THE Moving Mountains: A Pictorial History trilogy of the Chinese in Selangor and Kuala Lumpur is a project dating back more than 20 years.
With more than 1,600 old photos, the bilingual books detail the struggles and contributions of the Chinese community towards the development of the country over the last century.
The Centre for Malaysian Chinese Studies, based at the Selangor and Kuala Lumpur Chinese Assembly Hall, undertook the project.
It was penned by academicians who are passionate and knowledgeable in the field.
The editor is Dr Ser Wue Hiong while the authors are Kuala Lumpur and Selangor Chinese Assembly Hall’s chief executive officer Tang Ah Chai, Centre for Malaysian Chinese Studies’ director Chiam Yan Tuan as well as architect and heritage conservationist Teoh Chee Keong.
Dr Ser said the collection of old photos started about 20 years ago but the project was set aside because of funding issues.
“It was about four years ago that the committee felt that the project had been put on hold for way too long and that it needs to answer to the Chinese community at large,” he said.
To the authors, the biggest challenge of the project was the sourcing of photographs.
“We visited every nook and cranny to find the old photos, including clan’s associations, temple committees and schools to check their newsletters page by page. We also collected old photos from local folk,” he said.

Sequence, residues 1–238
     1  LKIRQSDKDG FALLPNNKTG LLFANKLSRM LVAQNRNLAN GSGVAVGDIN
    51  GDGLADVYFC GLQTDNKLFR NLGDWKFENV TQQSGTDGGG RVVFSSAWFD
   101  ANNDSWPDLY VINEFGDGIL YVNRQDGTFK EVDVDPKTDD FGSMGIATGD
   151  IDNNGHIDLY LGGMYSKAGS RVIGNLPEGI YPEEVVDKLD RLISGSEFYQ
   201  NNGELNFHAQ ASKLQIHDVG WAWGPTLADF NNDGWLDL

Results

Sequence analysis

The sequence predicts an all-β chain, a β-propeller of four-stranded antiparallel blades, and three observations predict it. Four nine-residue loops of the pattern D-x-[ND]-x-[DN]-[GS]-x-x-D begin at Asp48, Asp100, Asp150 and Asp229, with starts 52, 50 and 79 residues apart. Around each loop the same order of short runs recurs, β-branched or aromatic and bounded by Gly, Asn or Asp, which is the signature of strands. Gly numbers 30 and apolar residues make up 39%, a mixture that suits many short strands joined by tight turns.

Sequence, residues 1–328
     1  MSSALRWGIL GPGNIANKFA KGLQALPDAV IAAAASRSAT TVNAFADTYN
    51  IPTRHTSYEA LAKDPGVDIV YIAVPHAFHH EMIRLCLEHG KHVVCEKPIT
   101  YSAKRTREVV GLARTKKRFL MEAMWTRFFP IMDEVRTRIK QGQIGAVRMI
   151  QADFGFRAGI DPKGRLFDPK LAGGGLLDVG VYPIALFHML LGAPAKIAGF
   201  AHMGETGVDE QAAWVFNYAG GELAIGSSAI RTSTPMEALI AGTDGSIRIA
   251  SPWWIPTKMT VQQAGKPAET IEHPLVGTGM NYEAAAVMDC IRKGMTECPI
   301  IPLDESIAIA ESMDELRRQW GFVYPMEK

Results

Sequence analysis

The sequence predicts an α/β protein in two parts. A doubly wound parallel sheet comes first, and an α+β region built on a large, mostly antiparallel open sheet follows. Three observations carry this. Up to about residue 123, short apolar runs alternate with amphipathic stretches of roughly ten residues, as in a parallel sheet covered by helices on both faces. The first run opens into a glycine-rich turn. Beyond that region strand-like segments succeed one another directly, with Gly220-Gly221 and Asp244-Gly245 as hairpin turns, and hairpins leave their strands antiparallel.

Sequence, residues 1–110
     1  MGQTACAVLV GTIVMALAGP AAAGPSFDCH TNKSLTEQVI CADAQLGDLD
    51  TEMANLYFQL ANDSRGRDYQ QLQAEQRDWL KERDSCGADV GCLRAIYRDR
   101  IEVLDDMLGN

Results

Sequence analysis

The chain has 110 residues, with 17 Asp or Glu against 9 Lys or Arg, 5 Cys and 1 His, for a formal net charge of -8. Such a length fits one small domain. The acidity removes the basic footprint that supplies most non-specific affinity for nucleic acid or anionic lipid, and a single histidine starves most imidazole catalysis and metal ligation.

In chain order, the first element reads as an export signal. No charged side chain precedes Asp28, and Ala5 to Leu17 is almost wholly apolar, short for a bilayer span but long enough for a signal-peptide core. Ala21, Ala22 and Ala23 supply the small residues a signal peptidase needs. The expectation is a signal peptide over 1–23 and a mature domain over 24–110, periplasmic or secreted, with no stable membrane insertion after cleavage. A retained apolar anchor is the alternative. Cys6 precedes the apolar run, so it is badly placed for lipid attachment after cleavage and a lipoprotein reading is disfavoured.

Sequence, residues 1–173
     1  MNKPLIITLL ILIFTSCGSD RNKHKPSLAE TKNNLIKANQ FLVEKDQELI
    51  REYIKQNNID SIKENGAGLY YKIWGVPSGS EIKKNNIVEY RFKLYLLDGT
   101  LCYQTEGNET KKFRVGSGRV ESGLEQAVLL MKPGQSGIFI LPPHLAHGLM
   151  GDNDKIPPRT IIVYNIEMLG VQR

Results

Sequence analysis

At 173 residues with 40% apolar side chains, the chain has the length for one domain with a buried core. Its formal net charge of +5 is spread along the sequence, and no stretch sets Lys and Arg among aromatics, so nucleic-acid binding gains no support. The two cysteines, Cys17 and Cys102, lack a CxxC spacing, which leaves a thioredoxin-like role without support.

He added that the team also obtained photos from the National Archives of Malaysia, Singapore, the UK and the US.
When asked what was their main discovery from the project, both Dr Ser and Chiam said they were surprised to find a large amount of information lost in existing documents.
For example, Chiam said there were eight girls’ schools in Kuala Lumpur but now, the capital city was left with none as SMK Kuen Cheng adopted the co-ed policy in 2008.
Dr Ser highlighted that there was a large number of Chinese associations in Kuala Lumpur that had recorded the community’s contributions to the growth of the capital city. Sadly, many of the associations had closed and their precious records were left neglected.
Chiam said the three books exhibited the chronology of events showing how the Chinese had brought about developments in economy, culture and politics, as immigrants back then and later as citizens.
“It was an eventful and fruitful journey, their contributions should be made known to Malaysians,” he said.
Dr Ser added that he hoped the books would sow a seed among the communities to start making records of important milestones for future reference.
The books were launched by Centre for Malaysian Chinese Studies chairman Chew Saw Eng, Association of Kwong Tong Cemetery (KTC) Management Kuala Lumpur president Too Hon Kwong and the representative of Chinese ambassador to Malaysia Dr Huang Huikang, Gao Wei, recently at the KTC Heritage Centre.
KTC and Help University are the main sponsors of the project.
“This is a massive project that has involved extensive research and careful study, displaying the depth and breadth of the Chinese community’s endeavour in building this country.
“In a clear presentation and pictorial proofs, their contributions are now recorded in black and white, and should never be wiped out from history,” he said, adding that the association was working to build a monument to commemorate the forefathers’ sacrifice during the war. The work is expected to begin this year.
The Moving Mountains books are sold in major bookstores nationwide.